Ontario mourns federal NDP leader Jack Layton

As published in The Kincardine News (Aug. 22, 2011).

Huron-Bruce NDP candidate, Grant Robertson, mourns Jack Layton

Credit: Jackman Chiu
Credit: Jackman Chiu – Nathan Phillips adorned with chalk memorials following Layton’s passing early this week.
By Jennifer Schleich

Paisley-area farmer and NDP candidate Grant Roberston is joining with his fellow party members in mourning the loss of federal NDP leader Jack Layton.

Layton passed away early Monday morning, Aug. 22 after a lengthy battle with prostate cancer. He stepped down as leader of the NDP to focus on his health at the end of July.

“We’ve known Jack a long time and the news hit us pretty hard. Jack called me at home many times over the years looking for advice on agricultural issues and to keep up with what was going on in Huron-Bruce,” said Roberston.

He found the topic difficult to talk about as Layton had been a long-time friend and mentor to the Huron-Bruce candidate.

“I remember, one of the first few times Jack called the house to talk to me, my nine-year-old daughter answered the phone. When my wife and I came in from the barn she said Jack Layton had called and we just thought she’d heard one of those recorded messages,” reminisced Robertson.

Not too long after he attended a political conference in Toronto where he ran into Jack in an elevator.

“Low and behold in comes Jack, who says, ‘I had just the greatest conversation with your daughter recently,’ and we all had a great laugh at my expense,” he added.

According to Robertson, that’s the kind of person Layton was: the same person in both private and public. There were many times over the years when Layton would call the Robertson home looking for Grant and end up involved in conversations with family members and friends.

Despite the loss, Roberston says he is more determined than ever to help change the country and province for the better.

“Jack has left us all marching orders in his letter to Canadians. It’s a call to pick up the torch to build a prosperous Canada for the future, which is more important than any one leader,” he added.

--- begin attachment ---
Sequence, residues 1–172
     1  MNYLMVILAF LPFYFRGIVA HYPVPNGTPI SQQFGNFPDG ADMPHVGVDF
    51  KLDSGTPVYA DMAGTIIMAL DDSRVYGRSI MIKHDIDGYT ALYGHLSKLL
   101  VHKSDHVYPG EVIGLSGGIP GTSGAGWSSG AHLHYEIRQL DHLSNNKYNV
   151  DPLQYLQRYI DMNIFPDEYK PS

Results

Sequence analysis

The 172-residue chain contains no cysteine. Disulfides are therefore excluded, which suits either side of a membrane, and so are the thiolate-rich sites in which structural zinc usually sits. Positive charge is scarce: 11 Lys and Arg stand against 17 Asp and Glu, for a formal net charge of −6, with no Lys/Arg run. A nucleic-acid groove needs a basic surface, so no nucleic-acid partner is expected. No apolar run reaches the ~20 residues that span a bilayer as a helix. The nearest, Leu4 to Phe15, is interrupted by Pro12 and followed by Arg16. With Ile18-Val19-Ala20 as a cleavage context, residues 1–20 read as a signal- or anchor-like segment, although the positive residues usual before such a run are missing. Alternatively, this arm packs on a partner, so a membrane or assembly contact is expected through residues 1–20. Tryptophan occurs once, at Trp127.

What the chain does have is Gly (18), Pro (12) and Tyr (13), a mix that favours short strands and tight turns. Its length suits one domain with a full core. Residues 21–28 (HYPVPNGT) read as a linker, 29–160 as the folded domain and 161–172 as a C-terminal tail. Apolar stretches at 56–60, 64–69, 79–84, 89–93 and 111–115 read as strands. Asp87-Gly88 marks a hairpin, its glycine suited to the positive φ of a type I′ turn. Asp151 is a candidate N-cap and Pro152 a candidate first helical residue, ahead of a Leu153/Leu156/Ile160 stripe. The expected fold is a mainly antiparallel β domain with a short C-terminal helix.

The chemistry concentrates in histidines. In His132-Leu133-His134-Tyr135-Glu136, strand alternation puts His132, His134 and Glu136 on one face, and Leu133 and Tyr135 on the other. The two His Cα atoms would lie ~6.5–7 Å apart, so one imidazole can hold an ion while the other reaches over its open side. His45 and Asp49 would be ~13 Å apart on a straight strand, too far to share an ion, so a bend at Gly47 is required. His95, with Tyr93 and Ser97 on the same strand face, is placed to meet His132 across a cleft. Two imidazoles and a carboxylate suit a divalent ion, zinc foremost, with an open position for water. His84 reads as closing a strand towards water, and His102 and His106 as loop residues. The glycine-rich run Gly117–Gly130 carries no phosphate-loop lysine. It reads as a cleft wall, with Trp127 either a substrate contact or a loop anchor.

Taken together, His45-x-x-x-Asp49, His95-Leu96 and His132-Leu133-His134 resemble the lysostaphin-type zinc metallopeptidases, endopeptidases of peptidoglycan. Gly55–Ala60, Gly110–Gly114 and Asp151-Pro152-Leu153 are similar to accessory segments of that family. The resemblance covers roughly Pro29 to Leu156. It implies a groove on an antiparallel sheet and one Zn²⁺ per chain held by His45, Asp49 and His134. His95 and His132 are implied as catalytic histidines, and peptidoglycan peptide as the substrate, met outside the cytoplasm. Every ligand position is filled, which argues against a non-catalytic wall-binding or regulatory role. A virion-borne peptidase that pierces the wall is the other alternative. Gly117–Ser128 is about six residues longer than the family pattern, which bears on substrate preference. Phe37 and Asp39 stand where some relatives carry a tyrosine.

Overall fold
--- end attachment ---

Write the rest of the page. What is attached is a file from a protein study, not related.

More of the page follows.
Robertson will be running under the NDP banner in the region after he received the nomination of his party at a meeting on Saturday, Aug. 20 in Brussels.

He recently finished second place in the Huron- Bruce riding during the May federal election to incumbent Conservative MP Ben Lobb. Robertson lost to Lobb’s 28,922 votes with 13,417 but outstripped Liberal candidate Charlie Bagnato, who received only 8,784 votes.

Robertson’s decision to run in the provincial election wasn’t the original plan at the close of the federal election.

“When the federal election was over it wasn’t part of the plan to run provincially, especially so soon. However, I spent a day in May at Queen’s Park as a concerned community member with the folks protesting the closure of the Walkerton Jail and I was shocked by the arrogance and our poor reception,” he said.

After the meeting in Toronto he headed to a meeting in Kincardine about Wind Turbines and met with the same feelings from the community.

“People were complaining that their government was not listening to them and I started putting it together in my head,” he added.

Robertson said he’s very comfortable with the decision to run this fall. He is also not worried about the stance of the NDP on nuclear power effecting his chances.

“We (the NDP) are definitely supporting refurbishment of nuclear, just not new builds. What is important in Huron-Bruce is refurbishment,” said Robertson in response to reports that NDP leader Andrea Horwath said the NDP won’t support the future of nuclear.

Robertson said the NDP strongly support the workers at Bruce Power, who are an important part of the community in Huron-Bruce.

“Bruce Power supplies a significant portion of our energy needs on a day to day basis, there is no doubt. I ‘ve got friends, neighbours and family that all work at Bruce Power,” he added.

Robertson has served on the board of the National Farmers Union and was the top elected official for that organization in Ontario.

He first ran provincially for the NDP in 2003 and also ran federally in 2006, making this his third attempt at a parliamentary seat.


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